In this age of intolerance, even a song or a poem or a painting can be seen as a “threat”. Particularly when absolute conformity to the “system” is seen as a virtue — a token of Hindutva- induced nationalism, an artist like T M Krishna, with “problematic” political views, is bound to be hated and censored through a meticulously designed social media campaign.
To begin with, it is important to realise that art matters because it is not merely for professional artists. Each of us is a potential artist as life itself is a way of seeing, living, creating and attaching meaning to the everydayness of the world.
Likewise, politics is not just what professional politicians do. Politics surrounds our existence because it is about our socio-historical location, our engagement with power and the economy, and, our silences and voices. For instance, not to say anything against mob lynching or cow vigilantism while singing a bhajan song in a concert, or to celebrate sufi music while endorsing the Talibanisation of culture is not freedom from politics; it is a negative political act. Likewise, if it becomes exceedingly difficult for the daughter of a Dalit cab driver to get an entry into a Bharatanatyam academy, its political implications are obvious. Therefore, it is futile to separate art from politics. Who understands it better than an experimental classicist like Krishna? Yet, we should not forget, this relationship between politics and art is extremely nuanced. In this context, there are three dangers we need to overcome.
First, in the name of politics, art should not be reduced to a slogan or a predictable rhetoric. For instance, “revolutionary” art, be it a song or a play, does not mean that one is only stating one’s “anti-Brahmin”/ “anti-patriarchal”/ “anti-bourgeoisie” position. Art is not noise, nor a pamphlet or a manifesto. Its grace and aesthetic depth are its strength. As Bhupen Hazarika invokes the river in O Ganga, its radical meaning goes beyond the immediate frame of the song. It is good politics as well as fine art. Franz Kafka’s Joseph K in The Trial makes us feel the horror of what sociologist Max Weber regarded as the “iron cage” of bureaucracy. Its politics is deep. It is not a slogan for instant applause; it is not a loud street theatre full of catchy lines. Likewise, despite his sharp political articulations, Krishna’s music charms even a man like me who doesn’t understand the grammar of Carnatic music.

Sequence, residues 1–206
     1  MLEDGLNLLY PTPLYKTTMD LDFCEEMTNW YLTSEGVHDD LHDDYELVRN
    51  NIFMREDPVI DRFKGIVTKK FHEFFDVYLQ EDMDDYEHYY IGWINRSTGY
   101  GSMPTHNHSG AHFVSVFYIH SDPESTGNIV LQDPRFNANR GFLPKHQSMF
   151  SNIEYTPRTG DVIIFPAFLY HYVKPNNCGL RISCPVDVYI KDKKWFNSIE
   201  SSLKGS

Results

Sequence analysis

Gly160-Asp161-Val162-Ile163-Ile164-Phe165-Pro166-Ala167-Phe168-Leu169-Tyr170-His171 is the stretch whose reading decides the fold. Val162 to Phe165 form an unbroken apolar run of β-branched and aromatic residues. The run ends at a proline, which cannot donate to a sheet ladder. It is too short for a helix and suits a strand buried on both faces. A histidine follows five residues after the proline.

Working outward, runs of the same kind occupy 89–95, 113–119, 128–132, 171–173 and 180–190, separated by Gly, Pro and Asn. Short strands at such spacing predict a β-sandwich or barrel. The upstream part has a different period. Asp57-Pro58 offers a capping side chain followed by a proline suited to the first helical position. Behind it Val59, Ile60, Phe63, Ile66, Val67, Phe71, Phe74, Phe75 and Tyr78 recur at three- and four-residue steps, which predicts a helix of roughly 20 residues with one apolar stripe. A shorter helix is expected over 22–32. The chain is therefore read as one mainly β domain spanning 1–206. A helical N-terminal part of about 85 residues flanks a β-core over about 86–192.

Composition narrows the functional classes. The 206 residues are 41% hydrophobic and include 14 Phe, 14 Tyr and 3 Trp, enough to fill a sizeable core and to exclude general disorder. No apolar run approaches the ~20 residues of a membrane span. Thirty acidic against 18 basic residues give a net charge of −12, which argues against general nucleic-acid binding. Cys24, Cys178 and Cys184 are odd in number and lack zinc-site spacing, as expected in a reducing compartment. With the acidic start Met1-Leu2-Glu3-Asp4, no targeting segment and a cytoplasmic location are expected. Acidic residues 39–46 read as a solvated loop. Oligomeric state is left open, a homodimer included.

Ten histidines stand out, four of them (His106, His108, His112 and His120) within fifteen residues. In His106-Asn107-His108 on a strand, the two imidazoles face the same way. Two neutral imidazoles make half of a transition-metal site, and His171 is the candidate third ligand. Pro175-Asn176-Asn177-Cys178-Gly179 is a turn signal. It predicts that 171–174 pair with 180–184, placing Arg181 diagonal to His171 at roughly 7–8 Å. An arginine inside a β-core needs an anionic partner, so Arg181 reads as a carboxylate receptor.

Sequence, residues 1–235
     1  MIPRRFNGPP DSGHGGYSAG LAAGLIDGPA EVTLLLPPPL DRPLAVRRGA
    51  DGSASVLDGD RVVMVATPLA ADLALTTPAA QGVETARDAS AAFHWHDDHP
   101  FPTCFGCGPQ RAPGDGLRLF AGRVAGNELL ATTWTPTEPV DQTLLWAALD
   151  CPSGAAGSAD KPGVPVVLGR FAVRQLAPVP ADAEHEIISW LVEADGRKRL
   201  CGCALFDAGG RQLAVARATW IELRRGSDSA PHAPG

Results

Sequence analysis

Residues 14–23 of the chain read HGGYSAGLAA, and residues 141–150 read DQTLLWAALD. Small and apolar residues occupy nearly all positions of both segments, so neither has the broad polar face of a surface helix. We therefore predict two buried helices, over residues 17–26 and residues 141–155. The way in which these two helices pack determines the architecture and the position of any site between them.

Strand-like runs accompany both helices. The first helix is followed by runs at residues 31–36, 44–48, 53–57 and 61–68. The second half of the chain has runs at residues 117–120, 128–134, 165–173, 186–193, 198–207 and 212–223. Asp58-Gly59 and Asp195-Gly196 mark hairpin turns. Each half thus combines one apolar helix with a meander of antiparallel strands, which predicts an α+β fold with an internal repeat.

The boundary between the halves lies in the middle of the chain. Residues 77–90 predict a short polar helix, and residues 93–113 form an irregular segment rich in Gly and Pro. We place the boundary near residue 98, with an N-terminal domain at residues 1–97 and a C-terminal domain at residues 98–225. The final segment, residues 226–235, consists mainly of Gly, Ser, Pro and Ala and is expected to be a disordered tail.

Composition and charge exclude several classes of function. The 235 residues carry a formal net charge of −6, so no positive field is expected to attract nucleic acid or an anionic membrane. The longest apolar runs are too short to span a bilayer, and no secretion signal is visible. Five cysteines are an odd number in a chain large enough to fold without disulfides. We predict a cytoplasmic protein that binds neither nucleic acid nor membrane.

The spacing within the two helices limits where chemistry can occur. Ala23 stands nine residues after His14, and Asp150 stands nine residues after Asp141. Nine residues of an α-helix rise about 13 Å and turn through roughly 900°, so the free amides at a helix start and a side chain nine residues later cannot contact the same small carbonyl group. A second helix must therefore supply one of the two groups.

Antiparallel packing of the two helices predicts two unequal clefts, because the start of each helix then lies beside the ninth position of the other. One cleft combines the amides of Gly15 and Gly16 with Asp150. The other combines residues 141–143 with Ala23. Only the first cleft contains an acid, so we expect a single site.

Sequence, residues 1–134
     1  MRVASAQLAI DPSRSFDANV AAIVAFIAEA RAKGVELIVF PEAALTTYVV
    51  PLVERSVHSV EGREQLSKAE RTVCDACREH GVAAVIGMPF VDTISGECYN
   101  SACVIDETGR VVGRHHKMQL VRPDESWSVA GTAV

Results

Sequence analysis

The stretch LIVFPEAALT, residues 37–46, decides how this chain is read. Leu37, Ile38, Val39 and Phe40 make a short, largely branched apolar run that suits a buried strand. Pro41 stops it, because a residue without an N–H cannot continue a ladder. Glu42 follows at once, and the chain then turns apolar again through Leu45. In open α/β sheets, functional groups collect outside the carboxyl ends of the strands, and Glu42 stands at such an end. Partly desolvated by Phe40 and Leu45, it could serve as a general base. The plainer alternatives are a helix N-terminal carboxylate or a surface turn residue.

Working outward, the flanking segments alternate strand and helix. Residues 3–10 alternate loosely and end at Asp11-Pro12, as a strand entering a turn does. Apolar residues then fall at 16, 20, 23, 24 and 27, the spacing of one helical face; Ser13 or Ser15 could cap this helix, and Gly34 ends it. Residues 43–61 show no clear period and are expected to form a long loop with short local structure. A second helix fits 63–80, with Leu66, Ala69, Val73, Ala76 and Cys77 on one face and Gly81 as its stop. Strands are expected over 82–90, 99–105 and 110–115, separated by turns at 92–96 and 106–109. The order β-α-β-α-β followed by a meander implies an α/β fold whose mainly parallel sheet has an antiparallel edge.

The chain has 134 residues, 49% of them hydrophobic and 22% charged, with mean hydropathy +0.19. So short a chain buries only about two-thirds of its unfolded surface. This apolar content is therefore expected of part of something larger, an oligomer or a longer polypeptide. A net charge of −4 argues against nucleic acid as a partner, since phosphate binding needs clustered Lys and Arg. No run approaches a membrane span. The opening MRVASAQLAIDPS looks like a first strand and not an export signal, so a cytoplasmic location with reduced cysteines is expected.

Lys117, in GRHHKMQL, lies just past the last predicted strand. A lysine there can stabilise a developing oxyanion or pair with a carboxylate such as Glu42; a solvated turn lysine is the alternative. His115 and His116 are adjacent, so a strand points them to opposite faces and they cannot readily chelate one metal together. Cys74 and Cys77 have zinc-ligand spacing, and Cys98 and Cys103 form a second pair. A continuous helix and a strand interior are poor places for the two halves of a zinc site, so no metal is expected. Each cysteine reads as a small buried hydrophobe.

Second, there are limits to reductionism or determinism: The tendency to judge a piece of art merely on the basis of “class” or “caste”. For instance, how superficial it would be, as Raymond Williams cautioned us, to see D H Lawrence as representative of “decadent bourgeois literature”. Or, for that matter, to say that “forward caste” Satyajit Ray’s film Sadgati is less authentic than “marginalised” Omprakash Valmiki’s autobiography Joothan, as far as the depiction of caste hierarchy is concerned. This is to be burdened with the baggage of “political correctness”, and hence lose the spirit of art.
And third, we should never forget that there is an element of inexplicable creativity or intuitive flash in art and its appreciation. Leonardo Da Vinci’s Monalisa, Nandalal Bose’s portrait of Mahatma Gandhi, a baul singer’s magical performance in a local train in Bengal — these artistic articulations have extraordinary beauty. And, it would be vulgar to measure everything in terms of “political correctness”: the way it would be absurd to think that enjoying Ustad Bismillah Khan’s shehnai on a lazy Sunday afternoon is nothing but one’s “bourgeois privilege”!
Before I conclude, it is important to realise that these days the dangerous politics of the “culture industry” — the continual bombardment of glossy soap operas, unreal “reality shows”, “bestseller” fictions and noisy music for lavish wedding parties — is creating the ground for the growth of the “average” consumer, in tune with the mob psychology of authoritarianism. It has no respect for Krishna, or for that matter, Sonal Mansingh, even if, as her recent article in this paper suggests, she doesn’t want to “sing a political tune”. The establishment might co-opt them with awards and prizes. However, art that heals, makes us receptive and reflexive, and activates our creative potential, would find it difficult to flourish in an age that negates critically constructive thinking, arouses mob mentality and promotes narcissism. The likes of Krishna are needed precisely for this reason.
The writer is Professor of Sociology at JNU